4. perform advanced parsing of parameter values for date/datetime/numeric attributes

To show how ActiveManageable manager classes can be used to create DRY code in skinny controllers, we’ll refactor the following controller index method that retrieves records with an eager loaded association using Pundit, Ransack & Kaminari.

def index
  search = policy_scope(User).ransack(params[:q])
  search.sorts = "name asc" if q.sorts.empty?
  @users = search.result.includes(:address).page(params[:page])

With ActiveManageable configured to use the Pundit, Ransack & Kaminari libraries, the following manager class includes the standard CRUD methods and sets the default order and association to eager load in the index method.

class UserManager < ActiveManageable::Base
  manageable ActiveManageable::ALL_METHODS
  default_order :name
  default_includes :address, methods: :index

Using the manager class, the controller index method can now be rewritten to only include a single call to the index method.

def index
  @users = UserManager.new.index(options: {search: params[:q], page: {number: params[:page]}})

The manager classes provide standard implementations of the seven core CRUD methods. These can be overwritten to perform custom business logic and the classes can also be extended to include the business logic for additional actions, both making use of the internal ActiveManageable methods and variables.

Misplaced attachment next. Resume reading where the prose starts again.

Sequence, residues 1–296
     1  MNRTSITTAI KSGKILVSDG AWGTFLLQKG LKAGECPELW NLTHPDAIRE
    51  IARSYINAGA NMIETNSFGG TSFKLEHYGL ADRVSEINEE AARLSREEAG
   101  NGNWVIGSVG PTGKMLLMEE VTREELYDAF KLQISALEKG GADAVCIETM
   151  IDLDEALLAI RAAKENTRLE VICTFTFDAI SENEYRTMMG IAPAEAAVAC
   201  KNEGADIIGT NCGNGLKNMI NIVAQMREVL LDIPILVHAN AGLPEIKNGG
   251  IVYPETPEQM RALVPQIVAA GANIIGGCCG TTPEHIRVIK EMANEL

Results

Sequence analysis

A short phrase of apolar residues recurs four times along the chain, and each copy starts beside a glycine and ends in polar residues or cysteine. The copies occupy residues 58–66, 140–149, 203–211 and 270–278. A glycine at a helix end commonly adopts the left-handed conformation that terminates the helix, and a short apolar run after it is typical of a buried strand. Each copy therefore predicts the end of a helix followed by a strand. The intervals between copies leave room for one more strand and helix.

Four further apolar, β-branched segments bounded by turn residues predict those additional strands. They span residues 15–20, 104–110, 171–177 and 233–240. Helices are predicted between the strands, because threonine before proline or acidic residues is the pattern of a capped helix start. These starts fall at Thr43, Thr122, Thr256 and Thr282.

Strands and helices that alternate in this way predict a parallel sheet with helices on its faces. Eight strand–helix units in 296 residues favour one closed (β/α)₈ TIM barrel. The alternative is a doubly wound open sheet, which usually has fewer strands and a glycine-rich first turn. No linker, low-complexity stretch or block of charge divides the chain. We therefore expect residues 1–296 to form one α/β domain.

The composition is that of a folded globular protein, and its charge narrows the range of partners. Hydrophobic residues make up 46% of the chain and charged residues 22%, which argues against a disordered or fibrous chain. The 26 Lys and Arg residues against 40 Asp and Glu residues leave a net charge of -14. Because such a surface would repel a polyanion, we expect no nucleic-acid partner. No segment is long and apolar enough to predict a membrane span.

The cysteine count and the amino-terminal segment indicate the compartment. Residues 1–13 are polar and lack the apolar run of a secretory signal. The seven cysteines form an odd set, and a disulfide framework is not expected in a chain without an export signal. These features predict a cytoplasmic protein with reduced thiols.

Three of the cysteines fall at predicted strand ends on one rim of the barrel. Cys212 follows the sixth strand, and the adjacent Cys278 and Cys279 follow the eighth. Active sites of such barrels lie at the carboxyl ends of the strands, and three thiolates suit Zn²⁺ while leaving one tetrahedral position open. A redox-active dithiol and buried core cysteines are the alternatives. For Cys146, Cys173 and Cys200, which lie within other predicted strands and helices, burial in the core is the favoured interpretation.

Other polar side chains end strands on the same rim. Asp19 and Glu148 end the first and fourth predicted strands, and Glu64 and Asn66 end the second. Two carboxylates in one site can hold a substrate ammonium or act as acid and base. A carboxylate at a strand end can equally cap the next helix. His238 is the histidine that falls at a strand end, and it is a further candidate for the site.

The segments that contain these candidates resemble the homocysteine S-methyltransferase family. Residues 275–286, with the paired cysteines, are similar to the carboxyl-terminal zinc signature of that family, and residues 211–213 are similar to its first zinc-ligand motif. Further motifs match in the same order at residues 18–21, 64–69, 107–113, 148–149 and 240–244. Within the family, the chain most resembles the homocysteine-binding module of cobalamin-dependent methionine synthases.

With an Activity model in a CRM application to manage meetings & tasks, a complete action may be required. This could be implemented as follows:

class ActivityManager < ActiveManageable::Base
  manageable ActiveManageable::ALL_METHODS
  def complete(id:)
    @target = model_class.find(id)
    authorize(record: @target, action: :complete?)
    @target.update(completed_by: current_user.id, completed_at: Time.zone.now)

This method makes use of ActiveManageable methods and variables (described in the gem README). In summary, the initialize_state method sets the initial values of the internal variables; the model_class method returns the ActiveRecord class; assigning the record to the target variable makes it accessible both internally and externally via the object method; and the authorize method performs authorization for the current user, record and action using the configuration library.

The controller method can then call the manager method, retrieve the activity that was completed and act on the result.

def complete
  result = manager.complete(id: params[:id])
  @activity = manager.object
  # now redirect based on the result
icon image

Get in touch

Are you looking for advice and direction on creating business logic layers within your application? We’re experts in developing and improving Ruby on Rails applications so if you want to outsource some of your backend or frontend project requirements, get in touch today on hello@circle-sd.com or fill in our contact form to find out how we can help. No project is too small, we’ve been in your shoes and understand the technical complexities involved - we’re on hand to help you in any stage of your product life cycle.